In a chemistry lab, almost every experiment is done in glass labware, whereas in modern biology-focused labs plastic seems to be the default. Plastic labware is cheap and can often be bought pre-sterilized, but it may not be ideal for some applications.
Most organic solvents are not compatible with plastics. As a rule of thumb for the plastics used most commonly in the lab, short-chain alcohols, acetonitrile and DMSO are compatible, other organic solvents are not, and halogenated solvents are particularly bad. The details depend on the exact type of plastic used). Take a look at what acetone does to this poor styrofoam cup! (From this video by Steve Spangler). The same thing will happen if solvents come in contact with polystyrene microtiter plates or parafilm. Polypropylene (e.g. 96-deepwell plates) may look like it holds up better, but will still leach contaminants into your samples which can affect downstream analysis or bioassays. If you pipette from a bottle of solvent using a plastic serological pipette or micropipette tip, not only are you introducing plasticizers into your sample, you have ruined the bottle for all your colleagues!
Hydrophobic molecules in aqueous solutions may adsorb (“stick”) to the plastic since it preferentially interacts with the hydrophobic plastic over the water. This could cause you to under-estimate the titer of a molecule produced, or could limit the availability and effective concentration of an exogenously added molecule such as a substrate, inhibitor, or probe.
Let's take a look at what it takes to replace plastic labware with glass in practice:
Suppose you need to add an exact amount of organic solvent to a quantitative experiment, and eye-balling it using a Pasteur pipette and rubber bulb won’t do. Your micropipette is exact, but uses plastic tips. Do glass micropipette tips exist? In a way, yes. Attach a ~1.5 cm piece of Tygon tubing (e.g. the tubing you use for connecting your Bunsen burner to the gas line) snugly onto the bottom of a 1000 µL pipette; on the other side of the tubing, connect a Pasteur pipette, which now acts as your disposable micropipette tip! According to my experiments, the volumes you can pipette this way are spot-on!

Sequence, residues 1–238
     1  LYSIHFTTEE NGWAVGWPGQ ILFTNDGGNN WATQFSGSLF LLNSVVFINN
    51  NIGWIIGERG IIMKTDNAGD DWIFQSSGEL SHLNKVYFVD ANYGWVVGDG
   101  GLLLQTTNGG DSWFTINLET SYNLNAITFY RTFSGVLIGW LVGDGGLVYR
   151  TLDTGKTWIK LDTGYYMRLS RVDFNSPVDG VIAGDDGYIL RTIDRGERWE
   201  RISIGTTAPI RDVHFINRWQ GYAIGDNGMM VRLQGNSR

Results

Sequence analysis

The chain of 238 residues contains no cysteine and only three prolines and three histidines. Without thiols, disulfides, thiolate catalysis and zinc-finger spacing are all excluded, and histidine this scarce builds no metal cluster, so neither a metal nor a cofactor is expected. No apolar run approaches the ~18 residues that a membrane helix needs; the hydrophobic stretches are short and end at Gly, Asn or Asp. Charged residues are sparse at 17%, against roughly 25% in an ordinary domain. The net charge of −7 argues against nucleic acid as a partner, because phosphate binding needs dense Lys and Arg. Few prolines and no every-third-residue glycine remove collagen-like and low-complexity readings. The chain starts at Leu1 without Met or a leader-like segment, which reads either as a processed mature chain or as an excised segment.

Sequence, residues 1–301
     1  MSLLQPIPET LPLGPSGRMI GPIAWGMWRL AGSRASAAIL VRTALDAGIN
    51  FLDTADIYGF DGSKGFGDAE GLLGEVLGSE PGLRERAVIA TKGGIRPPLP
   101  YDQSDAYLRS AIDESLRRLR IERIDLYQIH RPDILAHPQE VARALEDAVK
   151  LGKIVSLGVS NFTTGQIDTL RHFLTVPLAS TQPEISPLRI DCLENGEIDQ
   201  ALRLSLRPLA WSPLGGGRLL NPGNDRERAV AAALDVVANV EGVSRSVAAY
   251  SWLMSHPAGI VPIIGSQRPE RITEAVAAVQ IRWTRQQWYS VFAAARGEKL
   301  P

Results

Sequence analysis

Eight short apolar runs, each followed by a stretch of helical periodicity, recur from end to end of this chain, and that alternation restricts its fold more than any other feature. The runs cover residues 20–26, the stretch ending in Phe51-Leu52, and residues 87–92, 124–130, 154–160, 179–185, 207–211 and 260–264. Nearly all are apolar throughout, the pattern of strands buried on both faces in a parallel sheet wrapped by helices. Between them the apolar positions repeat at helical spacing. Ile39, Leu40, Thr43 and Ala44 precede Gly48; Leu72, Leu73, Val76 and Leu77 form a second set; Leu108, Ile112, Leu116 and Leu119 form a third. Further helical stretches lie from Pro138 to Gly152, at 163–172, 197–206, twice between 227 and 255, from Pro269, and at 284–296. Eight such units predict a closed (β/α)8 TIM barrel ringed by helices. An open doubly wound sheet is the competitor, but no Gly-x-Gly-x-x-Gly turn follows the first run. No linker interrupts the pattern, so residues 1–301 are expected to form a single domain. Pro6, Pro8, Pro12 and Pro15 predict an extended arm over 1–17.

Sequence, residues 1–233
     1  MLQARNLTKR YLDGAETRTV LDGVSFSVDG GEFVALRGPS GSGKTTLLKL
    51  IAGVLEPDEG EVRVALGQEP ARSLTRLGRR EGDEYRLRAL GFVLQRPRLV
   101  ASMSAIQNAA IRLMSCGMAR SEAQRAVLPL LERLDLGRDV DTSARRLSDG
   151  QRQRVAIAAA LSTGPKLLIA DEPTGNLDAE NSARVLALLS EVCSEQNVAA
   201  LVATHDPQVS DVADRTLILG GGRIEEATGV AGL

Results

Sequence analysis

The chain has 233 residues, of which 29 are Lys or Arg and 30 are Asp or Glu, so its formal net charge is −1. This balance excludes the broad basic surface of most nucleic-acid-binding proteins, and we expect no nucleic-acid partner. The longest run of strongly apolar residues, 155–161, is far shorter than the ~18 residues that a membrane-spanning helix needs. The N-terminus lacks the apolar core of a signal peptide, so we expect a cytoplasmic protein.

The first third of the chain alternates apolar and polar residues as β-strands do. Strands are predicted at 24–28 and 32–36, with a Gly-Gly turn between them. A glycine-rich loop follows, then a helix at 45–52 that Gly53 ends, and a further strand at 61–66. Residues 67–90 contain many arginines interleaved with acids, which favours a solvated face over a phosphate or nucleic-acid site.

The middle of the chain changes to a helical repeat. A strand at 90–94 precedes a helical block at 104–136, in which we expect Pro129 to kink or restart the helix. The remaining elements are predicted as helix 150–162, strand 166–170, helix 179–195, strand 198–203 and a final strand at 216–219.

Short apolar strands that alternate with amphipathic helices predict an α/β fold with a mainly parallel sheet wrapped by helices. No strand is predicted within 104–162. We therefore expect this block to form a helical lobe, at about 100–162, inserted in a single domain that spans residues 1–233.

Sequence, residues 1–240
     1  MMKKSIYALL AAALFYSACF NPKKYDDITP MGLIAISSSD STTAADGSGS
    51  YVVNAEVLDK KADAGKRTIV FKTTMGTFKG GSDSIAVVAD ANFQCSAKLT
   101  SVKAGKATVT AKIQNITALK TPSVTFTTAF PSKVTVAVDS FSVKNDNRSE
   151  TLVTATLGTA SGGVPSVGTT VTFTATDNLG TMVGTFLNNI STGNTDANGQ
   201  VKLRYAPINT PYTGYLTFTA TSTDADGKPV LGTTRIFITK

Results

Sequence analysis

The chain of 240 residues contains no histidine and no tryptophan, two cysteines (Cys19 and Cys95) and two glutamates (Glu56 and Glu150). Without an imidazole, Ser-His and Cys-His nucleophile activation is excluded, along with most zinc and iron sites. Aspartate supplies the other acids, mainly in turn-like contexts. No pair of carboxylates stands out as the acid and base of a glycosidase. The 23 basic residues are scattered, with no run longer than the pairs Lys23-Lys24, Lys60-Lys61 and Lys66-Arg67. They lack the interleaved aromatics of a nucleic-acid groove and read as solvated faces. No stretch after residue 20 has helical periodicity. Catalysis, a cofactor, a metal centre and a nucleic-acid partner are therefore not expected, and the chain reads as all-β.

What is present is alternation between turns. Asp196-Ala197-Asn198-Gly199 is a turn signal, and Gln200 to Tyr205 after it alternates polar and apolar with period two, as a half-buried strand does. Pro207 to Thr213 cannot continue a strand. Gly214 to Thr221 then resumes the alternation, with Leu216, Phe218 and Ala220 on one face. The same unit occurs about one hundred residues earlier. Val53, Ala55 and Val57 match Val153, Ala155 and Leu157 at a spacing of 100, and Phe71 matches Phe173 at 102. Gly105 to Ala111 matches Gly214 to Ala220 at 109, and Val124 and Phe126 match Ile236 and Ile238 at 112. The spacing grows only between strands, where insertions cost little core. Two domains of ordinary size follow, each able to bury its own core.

Be aware of the material of the piston inside your micropipette: Volatile acids (e.g. trifluoroacetic acid) will corrode metal pistons, and volatile organic solvent are not compatible with plastic pistons. In stead of throwing out an old micropipette with a corroded piston, consider making it your dedicated solvent pipette. You’d be surprised how accurate it still is!
Glass serological pipettes are also commonplace, just use an old-fashioned manual pipette bulb (e.g. Fisher part # 13-681-102) in stead of automated pipette controllers (“pipet-aids”) since the vapors will take a toll on the latter.
If your sample prep requires a liquid-liquid extraction step, you may want to use centrifugation to improve phase separation. You are probably familiar with the glass centrifuge tubes used in the organic chemistry lab (e.g. Fisher part # 05-569-2), which can replace 15 mL conical “Falcon” tubes, and can be centrifuged up to about 2500 × g. However, for sub-milliliter extractions (like those you might want to do for GC or LC sample prep) you may be tempted to use 1.5 mL “epi” centrifuge tubes. In stead, consider using these adorable small glass tubes (VWR part # 47729-566, picture to the right). They fit about 700 µL and can be centrifuged up to 5000 × g using a 2 mL epi tube as an adapter (see picture). They can be hard to reach inside them with regular pipette tips, but the "pasteur pipette tips" described above fit easily.
You can also perform all-glass experiments in 96-well format. There exist plastic 96-well plates that are covered in a small layer of glass (e.g., Thermo Fisher part # 60180-P300 , called “Plate +”). In my experiments, analytes that would completely adsorb onto regular polypropylene or polystyrene plates were still detectable when using these plates. Unfortunately, you cannot autoclave them (I soak them in ethanol or isopropanol overnight and let them airdry in a laminar flow hood to clean and sterilize them), and you can only centrifuge them up to 3000 × g. There also exist 96-well plates with glass inserts (e.g., WVR part # 22847613).
This certainly does not mean you should move all your experiments into glass. In many cases, glassware is more expensive (it can often be cleaned and re-used however), and some cell lines prefer to grow on specific types of plastic. Hydrofluoric acid and many other fluoride sources can dissolve glass (and your bones! If you are doing experiments with HF you ought to take serious safety precautions!). That said, next time you perform an experiment that requires a solvent extraction or are analyzing hydrophobic molecules, think about how your plastic labware may affect your experiment and consider using glassware in stead.